I thought about her apparent perception that college was for white folks and decided to take her to Black Family Day, another celebration a few weeks later at the same campus but with the focus on Black folks. I thought that might make her feel more like universities were for people who looked like her, instead of categorizing them in her mind even more firmly as "For OTHER, not for her." There weren't quite so many people, thousands as opposed to tens of thousands, which I thought would be better, as the crush of people on Picnic Day had unnerved her.
Was I ever surprised. Black Family Day weirded KidThree out even more than Picnic Day. She stuck by my side even closer, holding my hand even more tightly. She asked, "Miss Susan, WHY did you bring me here?!?" I explained that I wanted her to know that universities were for everyone, black folks as well as white folks, and asked if it didn't make a difference to see so many black folks where she hadn't seen very many on Picnic Day. KidThree gave me an alarmed look and said, "Miss Susan, these black people aren't MY kind of black people!" Poor KidThree. She expected white people to be foreign and so wasn't surprised to be uncomfortable at Picnic Day, but the realization that black people could be alien to her totally blew her mind.
When KidThree was twelve, she stopped coming weekly but would still show up fairly regularly, every two or three weeks for the next year, and then even less. I tried to keep in touch, mailing her a package of books the first of every month, and once in a while would ask if I could take her to a movie with KidOne and KidTwo. KidThree's grandmother wasn't sure of me, not by a long shot, and usually would say no, but when KidThree turned thirteen, I did get permission to take her to "Take Your Daughter to Work" Day. Working for the welfare department helped with that, as we were actively encouraged to bring children of clients if we didn't have children in the right age range ourselves. KidThree's grandmother did receive welfare for her three grandchildren, so KidThree was eligible.
KidThree was a bit standoffish that day; she hadn't seen me in quite a while and adolescence had hit with a vengeance. She seemed to have a good time, and especially enjoyed working the industrial-sized shredder, but wasn't very communicative. We went out for burgers at lunch, where I talked about this and that as we drove, then back to the clinic, where KidThree continued to be pretty quiet. Until about 2:30 or 3:00 that afternoon, when she relaxed enough that the dam burst.
In answer to a question, she started talking and talking and talking and didn't shut up for two hours. It was an verbal outpouring of adolescence confusion and angst and rage where she told me about pressures to do drugs, pressures to have sex, fights with her sister, fights with kids at school, run-ins with the police, her assignment to a program for at-risk children at school (spring of seventh grade), and her parents and their being locked up or not locked up and which situation was more difficult for her. Once she started talking, she couldn't stop; it was as if all those thoughts and all those feelings she was keeping bottled up wouldn't be contained once they started flowing out of her. So much pain, violence, uncertainty, confusion, and fear; she didn't know what to do or who to trust or how to protect herself. KidThree loved her grandmother devotedly, and her grandmother loved her right back, but she was older and so infirm by then that she had trouble rising from her chair to the point where if I called to ask for KidThree, and KidThree didn't wake up when her grandmother yelled down the hall to her, I didn't get to talk to KidThree.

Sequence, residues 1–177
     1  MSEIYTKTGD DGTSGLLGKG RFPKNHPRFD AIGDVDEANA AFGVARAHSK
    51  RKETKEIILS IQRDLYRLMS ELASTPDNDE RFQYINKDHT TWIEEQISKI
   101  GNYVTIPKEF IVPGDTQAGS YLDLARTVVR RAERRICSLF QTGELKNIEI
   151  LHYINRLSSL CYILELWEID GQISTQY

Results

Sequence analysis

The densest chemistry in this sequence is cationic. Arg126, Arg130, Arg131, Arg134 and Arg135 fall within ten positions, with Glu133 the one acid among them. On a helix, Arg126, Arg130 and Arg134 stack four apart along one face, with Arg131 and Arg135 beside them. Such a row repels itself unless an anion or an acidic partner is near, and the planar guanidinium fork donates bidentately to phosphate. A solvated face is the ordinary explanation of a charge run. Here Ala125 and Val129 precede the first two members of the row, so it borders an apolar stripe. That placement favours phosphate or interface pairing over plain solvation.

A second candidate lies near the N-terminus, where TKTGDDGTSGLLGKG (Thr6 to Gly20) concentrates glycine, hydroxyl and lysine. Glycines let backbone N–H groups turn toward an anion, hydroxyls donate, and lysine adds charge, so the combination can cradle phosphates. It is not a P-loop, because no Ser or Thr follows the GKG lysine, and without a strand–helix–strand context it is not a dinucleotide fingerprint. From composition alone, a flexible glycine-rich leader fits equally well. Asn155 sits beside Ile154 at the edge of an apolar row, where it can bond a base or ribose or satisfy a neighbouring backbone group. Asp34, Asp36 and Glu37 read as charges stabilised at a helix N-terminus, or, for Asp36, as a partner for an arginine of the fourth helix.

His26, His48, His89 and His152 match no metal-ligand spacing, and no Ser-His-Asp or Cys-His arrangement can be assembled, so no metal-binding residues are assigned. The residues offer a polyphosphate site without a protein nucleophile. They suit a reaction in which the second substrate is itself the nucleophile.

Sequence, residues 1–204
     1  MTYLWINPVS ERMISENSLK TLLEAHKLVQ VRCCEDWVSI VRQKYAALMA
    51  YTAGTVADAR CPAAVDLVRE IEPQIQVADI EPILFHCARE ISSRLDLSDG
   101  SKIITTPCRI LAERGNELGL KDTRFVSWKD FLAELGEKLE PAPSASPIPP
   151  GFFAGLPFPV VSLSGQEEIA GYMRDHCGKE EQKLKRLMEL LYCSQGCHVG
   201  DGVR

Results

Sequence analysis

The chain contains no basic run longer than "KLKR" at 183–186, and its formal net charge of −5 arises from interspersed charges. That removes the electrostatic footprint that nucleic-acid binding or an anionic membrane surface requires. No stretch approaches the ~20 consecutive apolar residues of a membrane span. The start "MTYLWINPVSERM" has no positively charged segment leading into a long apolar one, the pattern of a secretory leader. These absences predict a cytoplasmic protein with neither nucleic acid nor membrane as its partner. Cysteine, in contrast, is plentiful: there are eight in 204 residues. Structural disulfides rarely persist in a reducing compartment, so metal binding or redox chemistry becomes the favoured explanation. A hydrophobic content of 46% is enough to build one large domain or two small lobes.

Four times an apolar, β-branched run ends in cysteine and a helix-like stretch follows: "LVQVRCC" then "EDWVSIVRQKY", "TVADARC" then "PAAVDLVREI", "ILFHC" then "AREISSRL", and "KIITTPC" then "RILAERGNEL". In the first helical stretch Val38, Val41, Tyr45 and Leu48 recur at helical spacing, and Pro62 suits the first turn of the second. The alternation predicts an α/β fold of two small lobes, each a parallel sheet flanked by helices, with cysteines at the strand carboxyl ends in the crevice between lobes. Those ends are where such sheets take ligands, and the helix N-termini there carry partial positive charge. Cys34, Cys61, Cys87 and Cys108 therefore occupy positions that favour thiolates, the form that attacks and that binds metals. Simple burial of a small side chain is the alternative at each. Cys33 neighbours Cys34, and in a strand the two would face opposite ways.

For two hours, I just listened, not doing more than little interjections to show I understood, or to stop KidThree mid-flow for a moment to get a definition or explanation of a word or phrase I didn't understand. At the end of the torrent, KidThree was standing in front of my desk, just looking at me, drained, as if to ask, "now what do I do with all of this?" It was time for us to leave in half an hour or so, but I talked to her for a while about this, that, and the other thing, ending with the assertion that I had her back and when and if she got to the point where she wanted to try staying with me and mine, she was welcome. At that point, she wasn't ready to leave her grandmother, but she did appear to internalize that she really could escape if necessary to this odd woman who wouldn't go away.
Time to get ready for work now, so more tomorrow, Same Mom Time, Same Mom Channel